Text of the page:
Constitution: Commerce Clause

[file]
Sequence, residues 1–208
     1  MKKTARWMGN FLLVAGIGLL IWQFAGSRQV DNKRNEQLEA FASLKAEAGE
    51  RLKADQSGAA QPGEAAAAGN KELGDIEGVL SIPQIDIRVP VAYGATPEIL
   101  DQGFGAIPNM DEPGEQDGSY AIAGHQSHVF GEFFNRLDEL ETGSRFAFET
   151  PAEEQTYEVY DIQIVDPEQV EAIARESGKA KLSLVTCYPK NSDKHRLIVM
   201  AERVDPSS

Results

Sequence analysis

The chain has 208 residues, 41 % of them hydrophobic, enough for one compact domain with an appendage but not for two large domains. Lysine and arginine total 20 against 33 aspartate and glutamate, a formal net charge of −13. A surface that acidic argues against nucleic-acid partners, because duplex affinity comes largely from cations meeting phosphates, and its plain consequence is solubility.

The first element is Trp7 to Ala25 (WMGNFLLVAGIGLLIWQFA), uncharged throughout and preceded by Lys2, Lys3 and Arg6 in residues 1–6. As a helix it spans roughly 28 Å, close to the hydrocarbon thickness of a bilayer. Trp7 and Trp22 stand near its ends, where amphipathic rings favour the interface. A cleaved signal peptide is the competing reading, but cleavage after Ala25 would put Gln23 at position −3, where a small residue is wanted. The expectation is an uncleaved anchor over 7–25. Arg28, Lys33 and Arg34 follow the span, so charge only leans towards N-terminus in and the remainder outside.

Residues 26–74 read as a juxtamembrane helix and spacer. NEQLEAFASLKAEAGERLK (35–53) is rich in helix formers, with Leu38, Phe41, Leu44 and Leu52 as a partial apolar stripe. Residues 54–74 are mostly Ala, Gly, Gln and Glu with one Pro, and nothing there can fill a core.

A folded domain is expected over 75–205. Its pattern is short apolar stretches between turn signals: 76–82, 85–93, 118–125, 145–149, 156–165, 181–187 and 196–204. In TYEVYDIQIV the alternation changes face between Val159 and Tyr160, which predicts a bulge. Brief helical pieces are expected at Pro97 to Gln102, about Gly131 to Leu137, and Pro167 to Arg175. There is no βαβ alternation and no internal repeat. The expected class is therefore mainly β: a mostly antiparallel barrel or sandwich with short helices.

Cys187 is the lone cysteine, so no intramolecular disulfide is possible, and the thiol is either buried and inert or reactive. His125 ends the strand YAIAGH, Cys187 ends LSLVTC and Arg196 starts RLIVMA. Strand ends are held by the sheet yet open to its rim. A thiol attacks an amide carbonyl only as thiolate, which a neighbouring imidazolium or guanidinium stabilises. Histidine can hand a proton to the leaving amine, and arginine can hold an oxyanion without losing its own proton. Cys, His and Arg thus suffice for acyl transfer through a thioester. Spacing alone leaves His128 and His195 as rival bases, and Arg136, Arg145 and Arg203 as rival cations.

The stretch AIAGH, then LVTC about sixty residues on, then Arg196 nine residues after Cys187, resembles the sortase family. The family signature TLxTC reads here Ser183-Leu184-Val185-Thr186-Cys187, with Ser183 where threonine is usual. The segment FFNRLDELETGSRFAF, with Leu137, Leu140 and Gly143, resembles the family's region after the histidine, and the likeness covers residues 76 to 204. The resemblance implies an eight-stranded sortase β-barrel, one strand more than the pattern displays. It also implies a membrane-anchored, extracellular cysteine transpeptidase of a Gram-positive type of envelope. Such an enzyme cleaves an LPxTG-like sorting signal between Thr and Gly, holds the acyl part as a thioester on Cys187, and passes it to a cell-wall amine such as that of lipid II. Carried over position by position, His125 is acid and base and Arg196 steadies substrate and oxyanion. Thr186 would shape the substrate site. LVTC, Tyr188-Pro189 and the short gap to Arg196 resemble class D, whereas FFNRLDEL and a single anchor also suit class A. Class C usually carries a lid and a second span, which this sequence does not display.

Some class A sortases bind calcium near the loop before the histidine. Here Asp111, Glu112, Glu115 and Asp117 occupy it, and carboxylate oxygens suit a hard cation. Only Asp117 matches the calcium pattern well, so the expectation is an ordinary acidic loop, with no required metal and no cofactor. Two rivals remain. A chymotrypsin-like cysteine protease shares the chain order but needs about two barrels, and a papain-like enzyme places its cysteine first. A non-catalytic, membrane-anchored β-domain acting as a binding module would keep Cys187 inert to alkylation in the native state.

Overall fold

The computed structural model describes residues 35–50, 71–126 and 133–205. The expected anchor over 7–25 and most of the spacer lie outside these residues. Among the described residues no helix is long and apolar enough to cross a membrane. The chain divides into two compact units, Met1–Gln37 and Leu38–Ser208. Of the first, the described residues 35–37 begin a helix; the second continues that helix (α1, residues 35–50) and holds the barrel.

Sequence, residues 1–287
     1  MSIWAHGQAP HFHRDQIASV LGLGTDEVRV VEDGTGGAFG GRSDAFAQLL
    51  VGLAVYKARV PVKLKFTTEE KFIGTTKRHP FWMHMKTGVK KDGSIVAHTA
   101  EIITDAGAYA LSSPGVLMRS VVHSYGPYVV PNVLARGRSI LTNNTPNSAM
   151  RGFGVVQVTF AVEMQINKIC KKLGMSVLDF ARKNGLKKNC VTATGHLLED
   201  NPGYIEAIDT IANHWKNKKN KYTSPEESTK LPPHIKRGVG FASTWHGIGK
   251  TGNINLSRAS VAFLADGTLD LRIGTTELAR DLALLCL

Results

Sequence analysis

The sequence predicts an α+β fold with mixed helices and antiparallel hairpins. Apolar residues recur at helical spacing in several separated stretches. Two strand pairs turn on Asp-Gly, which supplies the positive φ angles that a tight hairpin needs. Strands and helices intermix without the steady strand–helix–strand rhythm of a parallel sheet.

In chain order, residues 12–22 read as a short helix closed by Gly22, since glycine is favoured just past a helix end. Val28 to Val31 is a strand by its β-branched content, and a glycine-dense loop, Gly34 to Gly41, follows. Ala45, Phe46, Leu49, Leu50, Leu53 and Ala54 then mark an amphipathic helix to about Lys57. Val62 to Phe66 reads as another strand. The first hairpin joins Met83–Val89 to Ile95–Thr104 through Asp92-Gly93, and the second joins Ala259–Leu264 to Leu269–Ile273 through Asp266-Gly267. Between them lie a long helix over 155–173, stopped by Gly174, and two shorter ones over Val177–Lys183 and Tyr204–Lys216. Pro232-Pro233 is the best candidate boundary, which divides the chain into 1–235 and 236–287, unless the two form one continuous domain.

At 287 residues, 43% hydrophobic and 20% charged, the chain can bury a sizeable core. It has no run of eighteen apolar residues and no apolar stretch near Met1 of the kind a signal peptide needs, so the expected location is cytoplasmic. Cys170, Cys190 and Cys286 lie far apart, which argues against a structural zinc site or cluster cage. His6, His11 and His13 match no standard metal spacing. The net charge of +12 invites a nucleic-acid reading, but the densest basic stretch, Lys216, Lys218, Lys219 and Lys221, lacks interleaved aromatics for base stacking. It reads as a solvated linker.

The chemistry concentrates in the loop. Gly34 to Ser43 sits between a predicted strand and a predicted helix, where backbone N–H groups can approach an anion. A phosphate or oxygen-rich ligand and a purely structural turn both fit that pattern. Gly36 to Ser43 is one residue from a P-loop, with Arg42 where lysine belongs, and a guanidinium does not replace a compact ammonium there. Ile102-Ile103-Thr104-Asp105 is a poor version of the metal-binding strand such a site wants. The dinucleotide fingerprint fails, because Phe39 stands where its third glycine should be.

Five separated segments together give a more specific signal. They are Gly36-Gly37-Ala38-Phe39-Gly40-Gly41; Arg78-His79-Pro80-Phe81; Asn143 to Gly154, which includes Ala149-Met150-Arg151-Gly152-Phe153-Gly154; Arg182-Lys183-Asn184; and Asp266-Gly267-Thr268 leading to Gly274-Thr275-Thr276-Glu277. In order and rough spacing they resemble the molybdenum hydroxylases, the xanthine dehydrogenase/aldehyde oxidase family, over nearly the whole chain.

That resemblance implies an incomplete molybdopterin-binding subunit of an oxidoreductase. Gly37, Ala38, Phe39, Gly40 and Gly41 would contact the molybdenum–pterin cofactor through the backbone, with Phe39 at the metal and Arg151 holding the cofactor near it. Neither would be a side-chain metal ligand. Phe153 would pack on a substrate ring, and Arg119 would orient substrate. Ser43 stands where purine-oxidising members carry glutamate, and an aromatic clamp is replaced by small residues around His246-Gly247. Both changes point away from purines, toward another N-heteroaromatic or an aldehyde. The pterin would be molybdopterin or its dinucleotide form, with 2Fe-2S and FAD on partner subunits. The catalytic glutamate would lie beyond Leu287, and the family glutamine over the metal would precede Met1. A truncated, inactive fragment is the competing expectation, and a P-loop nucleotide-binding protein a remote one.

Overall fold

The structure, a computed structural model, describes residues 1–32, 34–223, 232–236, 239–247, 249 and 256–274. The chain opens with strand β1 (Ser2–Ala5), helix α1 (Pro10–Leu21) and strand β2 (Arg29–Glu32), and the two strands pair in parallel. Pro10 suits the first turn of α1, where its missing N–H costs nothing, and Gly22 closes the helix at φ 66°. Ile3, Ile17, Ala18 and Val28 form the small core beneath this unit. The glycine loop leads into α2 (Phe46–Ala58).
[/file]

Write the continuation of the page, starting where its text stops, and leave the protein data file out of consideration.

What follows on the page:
The New York City Tax Tribunal held that an out-of-state corporate taxpayer, with an indirect interest in a limited liability company investment fund engaged in business in New York City, had nexus with the City and was subject to tax on capital gain from its sale of the fund. The taxpayer had no property, employees, or otherwise conducted business in the City and the parties stipulated that the fund was not unitary with the taxpayer. The taxpayer sold its interest in the fund through an intermediate partnership and realized capital gain. The taxpayer claimed that its capital gain was not subject to the City General Corporation Tax because it had no nexus with the City and its passive investment in the nonunitary fund did not create nexus for the taxpayer. The Tax Appeals Tribunal disagreed and reasoned that the ownership of a flow-through interest in an entity conducting business in the City, created nexus for the corporate owner and the gain was mainly attributable to the protection, opportunities and other benefits upon the fund by the City. The Tribunal apportioned the gain to the City based on the City’s business allocation percentage of the investment fund. The Tribunal held that the assessment satisfied the four-prong test in Complete Auto and was supported by the ruling in Wayfair and that physical presence is not required to subject an out-of-state corporation to tax in certain circumstances. The Tribunal further found that the imposition of tax did not violate the Due Process Clause or Commerce Clause. (Petition of Goldman Sachs Petershill Fund Offshore Holdings, TAT (H)16-9(GC), (N.Y.C. Tax Trib. Dec 6, 2018))